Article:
Urenio Watch Watch: Cities

EU Publication_Towards a common European framework for sustainable urban mobility indicators

In order to overcome existing barriers and accelerate the uptake of Sustainable Urban Mobility Plans (SUMPs) Europe-wide, the European Commission is exploring the idea of developing a common EU-framework for Sustainable Urban Mobility Indicators (SUMI). This publication is analysing the areas that need improvement and the link of SUMP process with the green deal, as well as the ways that data gathering should be approached in cities of different sizes. It is proposing ways to move forward through funding distribution and the EU Urban Mobility Scoreboard. The discussions of the 7th Florence Intermodal Forum are basis for this analysis.

The 7th Florence Intermodal Forum brought together key stakeholders for a discussion on the definition and appropriate indicator parameters; data collection techniques and data standardisation, as well as the question of enhancing the enforcement of SUMPs. The forum drew on the lessons learnt from the COVID-19 pandemic in relation to urban mobility as far as SUMI are concerned.

According to the authors, the implementation of SUMPs has been voluntary and remains limited to a small proportion of European cities. They additionally underline that where plans have been developed have often failed to fulfil minimum quality standards.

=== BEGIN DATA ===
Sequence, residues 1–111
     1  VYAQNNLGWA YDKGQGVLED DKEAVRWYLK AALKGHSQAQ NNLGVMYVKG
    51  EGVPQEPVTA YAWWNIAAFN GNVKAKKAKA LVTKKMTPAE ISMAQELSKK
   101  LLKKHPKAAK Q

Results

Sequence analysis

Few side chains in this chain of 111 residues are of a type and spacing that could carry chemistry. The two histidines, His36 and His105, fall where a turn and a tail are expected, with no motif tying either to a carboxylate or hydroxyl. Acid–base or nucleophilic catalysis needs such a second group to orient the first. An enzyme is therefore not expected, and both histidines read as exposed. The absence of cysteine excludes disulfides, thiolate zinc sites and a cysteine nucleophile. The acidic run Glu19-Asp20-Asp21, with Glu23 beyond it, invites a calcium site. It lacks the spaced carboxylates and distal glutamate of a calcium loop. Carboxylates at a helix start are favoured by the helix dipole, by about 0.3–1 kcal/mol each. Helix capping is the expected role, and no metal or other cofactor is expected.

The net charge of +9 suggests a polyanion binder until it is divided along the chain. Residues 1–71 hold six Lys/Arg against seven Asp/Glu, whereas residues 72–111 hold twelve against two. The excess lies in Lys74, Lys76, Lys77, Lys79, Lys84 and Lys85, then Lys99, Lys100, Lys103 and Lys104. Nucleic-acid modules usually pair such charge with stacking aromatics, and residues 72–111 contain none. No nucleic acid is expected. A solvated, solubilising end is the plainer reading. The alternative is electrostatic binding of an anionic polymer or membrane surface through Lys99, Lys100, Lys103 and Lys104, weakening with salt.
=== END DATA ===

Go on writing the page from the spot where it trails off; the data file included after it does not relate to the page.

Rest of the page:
The SUMI project, funded by the EU, was set up with the objective of providing technical assistance on the development of SUMI. The indicator set, originally developed by the World Business Council for Sustainable Development (WBCSD), has formed the basis of the work of the SUMI consortium, which has reviewed and subsequently tailored it to the European context. The aim was to develop an indicator set for EU cities, in line with standardised EU data formats and data sets available at EU level, and taking also into account EU policies and targets. The indicator set, sub-divided into core and non-core indicators, covers all major policy areas. A benchmarking tool was also developed as part of the project.  The need for further revision was particularly evident for indicators associated with data collection problems.

The need for a more nuanced approach to conditionality, appeared to resonate among the participants of the forum. While SUMPs and SUMI need to be streamlined into EU funding and financing programmes, the further elaboration of SUMPs should not be constrained by bureaucratic rules.  The participants were in agreement that a flexible bottom-up approach needs to be combined with a well-defined top-down framework. In this regard, a common and clear definition needs to be agreed upon regarding the geographical area over which data is to be collected. Another takeaway from the discussions was the need for stability through the adoption of a long-term perspective, both when it comes to the legal framework and the evaluation of projects. Technical and advisory assistance should be granted to both small and larger cities, so as to address existing data collection challenges linked to financial and human resources among others.

You can find the publication  here.